For years people have complained that work rules at the convention center were driving away convention business in Philadelphia.
A new management company said it needed more customer-friendly work rules. Four of the unions signed on by the May 5th deadline, but two did not - the Teamsters and the Carpenters.
So on Monday the Teamsters set up a picket line, but other union members crossed it.
By mid-morning all was quiet outside the Convention Center. Present were a few Teamster pickets, some private security guards, and City police.
However, things were far more contentious when John Dougherty, the leader of the Electricians Union, led his and three other unions past the picket line earlier in the morning.
Verbal insults were hurled at the entering workers, but in the end electricians, laborers, riggers, and stagehands entered and are now under a new labor agreement inside, doing the work of the Teamsters and the Carpenters.
The head of the Teamsters Local, Bill Hamilton, accuses Dougherty of engineering a deal to squeeze out the Carpenters Union from the Convention Center.
"I believe it's reprehensible that John Dougherty would show up in a picket line today and cross a union picket line. I think it's sets the union movement in Philadelphia back a 100 years," Hamilton said.
Dougherty says Hamilton is upset because he is aligned with the Carpenters and that alliance cost Teamsters a really good deal that the Electricians and three other unions accepted in return for work rule changes.
"He blew it. He decided to hitch his wagon to the carpenter and the two foot stepladder, and the handgun," Dougherty said.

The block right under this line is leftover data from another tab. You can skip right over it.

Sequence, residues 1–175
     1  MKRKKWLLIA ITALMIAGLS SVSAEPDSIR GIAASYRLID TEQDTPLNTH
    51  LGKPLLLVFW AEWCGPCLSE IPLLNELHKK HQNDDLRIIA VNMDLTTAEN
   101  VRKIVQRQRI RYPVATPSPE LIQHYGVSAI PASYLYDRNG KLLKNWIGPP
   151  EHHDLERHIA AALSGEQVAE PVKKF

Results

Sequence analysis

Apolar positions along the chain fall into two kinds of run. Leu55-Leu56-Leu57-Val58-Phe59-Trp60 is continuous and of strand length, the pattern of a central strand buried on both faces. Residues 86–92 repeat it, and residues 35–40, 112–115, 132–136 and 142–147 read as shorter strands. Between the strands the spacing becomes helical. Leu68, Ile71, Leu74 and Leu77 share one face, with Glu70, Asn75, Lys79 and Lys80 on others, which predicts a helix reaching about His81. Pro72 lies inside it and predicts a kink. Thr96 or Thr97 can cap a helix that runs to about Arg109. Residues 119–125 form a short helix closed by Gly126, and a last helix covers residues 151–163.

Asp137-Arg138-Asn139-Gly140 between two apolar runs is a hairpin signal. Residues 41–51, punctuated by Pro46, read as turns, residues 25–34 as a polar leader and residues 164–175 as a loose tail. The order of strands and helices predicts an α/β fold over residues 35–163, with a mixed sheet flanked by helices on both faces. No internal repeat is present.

The Convention Center said it needed work rule changes to make Philadelphia more attractive to convention organizers who had complained in the past about Philadelphia's work rules.
Two years ago, to win a major convention, the center's management says it appealed to the Carpenters for some help.
"We went to our union members, the Carpenters specifically, and said can we get a break on these work rules so we can bring the show in. We were told no and as a result we lost that show," Convention Center spokesperson Pete Peterson said.
"So now these new work rules, they will allow us to go out and demonstrate to our customers that we took their concerns seriously," Peterson said. "We're now competitive with other cities, in terms of enabling exhibitors to have the freedom to do what they can do in other cities."
The Carpenters Union has now filed a formal complaint over being shut out of the Convention Center with the National Labor Relations Board.
Forty members of the four unions who did sign on were busy working inside the convention center Monday. They're setting up for the World Congress of Industrial Biotechnology. It's a small convention that will host around 1,100 people between today and Thursday.